Ms. Feore notes that her choreography is also inspired by the contemporary audience. She sites the example of her use of percussion in THE MUSIC MAN, "As a Director/Choreographer, I sometimes find real opportunity in the movement. In THE MUSIC MAN, I put a lot of percussion in, because I was inspired by Willson, who wrote for marching bands" She notes that still today, marching bands are a huge part of American society. "My inspiration [for the percussive dance] was that I felt that Harold brings the heart back into the community...and the heartbeat."

Feore acknowledges that there is sometimes some controversy that comes with mounting classic musicals that are set in time periods where value systems were perhaps different than there are now. "There's no question that we're going to discuss the controversy, I'm sure." Says Feore. "I really enjoy talking about that--How do we keep doing these musicals, because there's some really difficult content. And I'll be honest with you, I think there are some that we just really can't do...I sometimes think to myself 'Oh I just don't need to sing and dance about that...the world was different then.' " What is her moral barometer, you ask? "I always say this-My daughter is 21 years old and I won't do something that won't make her proud..because what message am I sending? We're not going to celebrate something unless we can come and learn something."

One musical that often faces this discussion is CAROUSEL. "Everyone's really running away from CAROUSEL" comments Feore, "I understand why on the surface, but I have to believe that the writers had something in mind here. Most of these writers were ahead of their time." She uses the example of Meredith Willson, the writer/composer of THE MUSIC MAN. "Look at that character of Marian. She says to her mother 'Do you think I'm just going to settle for any man, just because?' and her mother's response is 'Well, you don't have a husband, honey'." Feore states that she believes the scene where three generations of women are in a room talking about standards and expectations for relationships, was not an accident on Willson's part. "And I think it's kind of amazing. If we really try to dig a little bit deeper...[a lot of these things are right there in the book]."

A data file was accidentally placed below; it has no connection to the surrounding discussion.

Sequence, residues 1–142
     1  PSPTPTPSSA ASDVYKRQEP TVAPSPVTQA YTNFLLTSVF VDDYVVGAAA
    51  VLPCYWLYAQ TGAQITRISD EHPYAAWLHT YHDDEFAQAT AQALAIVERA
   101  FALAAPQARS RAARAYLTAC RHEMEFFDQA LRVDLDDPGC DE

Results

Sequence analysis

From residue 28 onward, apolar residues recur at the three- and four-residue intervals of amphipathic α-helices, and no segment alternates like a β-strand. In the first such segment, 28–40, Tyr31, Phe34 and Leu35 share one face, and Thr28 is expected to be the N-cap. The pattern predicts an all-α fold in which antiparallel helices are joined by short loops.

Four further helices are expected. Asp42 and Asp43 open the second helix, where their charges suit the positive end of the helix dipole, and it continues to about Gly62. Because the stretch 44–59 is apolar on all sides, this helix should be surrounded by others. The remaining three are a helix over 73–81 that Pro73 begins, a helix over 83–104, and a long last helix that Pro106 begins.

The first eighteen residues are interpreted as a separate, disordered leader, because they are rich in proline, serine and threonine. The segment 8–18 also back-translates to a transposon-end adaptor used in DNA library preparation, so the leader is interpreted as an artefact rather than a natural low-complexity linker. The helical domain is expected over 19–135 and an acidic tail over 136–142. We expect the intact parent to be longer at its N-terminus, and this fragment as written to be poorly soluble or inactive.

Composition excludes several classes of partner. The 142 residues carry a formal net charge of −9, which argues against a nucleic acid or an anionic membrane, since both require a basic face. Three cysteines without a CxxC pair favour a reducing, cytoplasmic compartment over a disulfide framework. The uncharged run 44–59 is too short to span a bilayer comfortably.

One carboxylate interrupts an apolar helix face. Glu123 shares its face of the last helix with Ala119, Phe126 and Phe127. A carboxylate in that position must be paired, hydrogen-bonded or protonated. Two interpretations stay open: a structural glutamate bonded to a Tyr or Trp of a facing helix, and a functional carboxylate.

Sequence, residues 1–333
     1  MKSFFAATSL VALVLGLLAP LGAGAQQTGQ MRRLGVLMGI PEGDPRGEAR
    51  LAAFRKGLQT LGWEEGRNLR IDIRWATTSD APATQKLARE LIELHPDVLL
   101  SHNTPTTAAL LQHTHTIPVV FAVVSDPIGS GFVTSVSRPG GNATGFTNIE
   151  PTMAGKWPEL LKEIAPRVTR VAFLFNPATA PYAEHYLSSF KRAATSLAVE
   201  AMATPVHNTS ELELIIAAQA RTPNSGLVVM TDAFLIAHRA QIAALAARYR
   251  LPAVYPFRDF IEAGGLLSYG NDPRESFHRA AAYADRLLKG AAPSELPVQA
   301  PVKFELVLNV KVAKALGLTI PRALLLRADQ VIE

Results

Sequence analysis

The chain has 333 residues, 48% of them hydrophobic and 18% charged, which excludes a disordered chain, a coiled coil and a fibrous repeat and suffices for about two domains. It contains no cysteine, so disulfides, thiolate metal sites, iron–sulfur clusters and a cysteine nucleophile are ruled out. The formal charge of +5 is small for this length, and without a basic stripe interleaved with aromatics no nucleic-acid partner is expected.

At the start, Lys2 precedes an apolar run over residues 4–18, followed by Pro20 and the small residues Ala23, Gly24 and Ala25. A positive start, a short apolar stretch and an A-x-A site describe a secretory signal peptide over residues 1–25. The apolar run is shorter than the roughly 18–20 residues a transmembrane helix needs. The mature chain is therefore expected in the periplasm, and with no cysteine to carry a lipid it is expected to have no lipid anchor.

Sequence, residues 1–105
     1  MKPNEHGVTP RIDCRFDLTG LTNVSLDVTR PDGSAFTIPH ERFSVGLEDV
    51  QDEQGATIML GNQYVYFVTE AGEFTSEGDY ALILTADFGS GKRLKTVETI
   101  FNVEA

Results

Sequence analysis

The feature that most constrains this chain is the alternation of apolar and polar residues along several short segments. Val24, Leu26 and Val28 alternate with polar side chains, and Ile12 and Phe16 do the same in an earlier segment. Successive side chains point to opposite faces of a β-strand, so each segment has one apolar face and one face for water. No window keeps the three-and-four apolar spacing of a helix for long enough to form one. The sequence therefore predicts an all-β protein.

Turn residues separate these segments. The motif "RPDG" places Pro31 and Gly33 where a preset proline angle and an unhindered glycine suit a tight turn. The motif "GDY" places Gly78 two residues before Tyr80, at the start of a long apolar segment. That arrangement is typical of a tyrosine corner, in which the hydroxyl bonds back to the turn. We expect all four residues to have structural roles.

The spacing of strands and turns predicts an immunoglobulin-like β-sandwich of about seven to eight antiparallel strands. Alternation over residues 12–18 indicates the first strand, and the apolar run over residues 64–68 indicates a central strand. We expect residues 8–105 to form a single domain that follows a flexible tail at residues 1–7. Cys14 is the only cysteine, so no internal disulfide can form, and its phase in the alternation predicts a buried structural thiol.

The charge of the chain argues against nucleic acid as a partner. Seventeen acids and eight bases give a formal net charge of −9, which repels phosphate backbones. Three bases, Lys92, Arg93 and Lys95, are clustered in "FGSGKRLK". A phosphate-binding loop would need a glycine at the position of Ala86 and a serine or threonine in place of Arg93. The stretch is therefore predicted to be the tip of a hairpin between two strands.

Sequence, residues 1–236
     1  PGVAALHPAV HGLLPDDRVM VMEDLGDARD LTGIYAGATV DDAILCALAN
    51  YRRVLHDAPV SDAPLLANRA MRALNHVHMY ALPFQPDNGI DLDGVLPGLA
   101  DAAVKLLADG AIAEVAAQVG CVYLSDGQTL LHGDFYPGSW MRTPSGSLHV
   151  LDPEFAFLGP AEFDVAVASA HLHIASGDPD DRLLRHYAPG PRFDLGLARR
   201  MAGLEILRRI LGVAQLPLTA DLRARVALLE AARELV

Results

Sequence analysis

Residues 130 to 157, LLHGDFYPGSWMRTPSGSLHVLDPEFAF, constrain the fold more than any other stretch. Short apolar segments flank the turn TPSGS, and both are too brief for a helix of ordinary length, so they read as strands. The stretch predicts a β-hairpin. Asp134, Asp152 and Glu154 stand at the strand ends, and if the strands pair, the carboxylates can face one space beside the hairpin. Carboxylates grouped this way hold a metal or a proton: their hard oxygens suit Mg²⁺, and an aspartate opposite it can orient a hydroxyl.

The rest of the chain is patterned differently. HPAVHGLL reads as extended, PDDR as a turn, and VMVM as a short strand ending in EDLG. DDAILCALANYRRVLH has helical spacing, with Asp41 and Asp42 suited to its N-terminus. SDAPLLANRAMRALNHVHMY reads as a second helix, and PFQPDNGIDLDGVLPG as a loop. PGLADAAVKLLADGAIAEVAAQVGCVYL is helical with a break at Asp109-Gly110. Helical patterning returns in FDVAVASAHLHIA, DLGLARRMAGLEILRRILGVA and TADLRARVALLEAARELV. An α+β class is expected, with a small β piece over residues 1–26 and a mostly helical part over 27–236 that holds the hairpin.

Feore concludes: "The reason why classics still work is because most of them are going to strike a chord on a human level and I think that ultimately in this world that we live in--and it is a difficult world right now--we just want stories about humanity...warts and all. We don't need to walk away tied up with a bow, but what we have to do is say: 'maybe I see me in there'...And we have this communal experience together as an audience."

Ms. Feore's thoughtful discussion of this topic for just a few minutes with me, is clear evidence that the event on Saturday morning is going to be fascinating. Be sure to get your tickets at

MAKING CLASSIC MUSICALS CONTEMPORARY will be held on Saturday June 16th from 10:30am until 12pm at the Studio Theatre. Tickets are $25 and are available at

Photo Credit: The Stratford Festival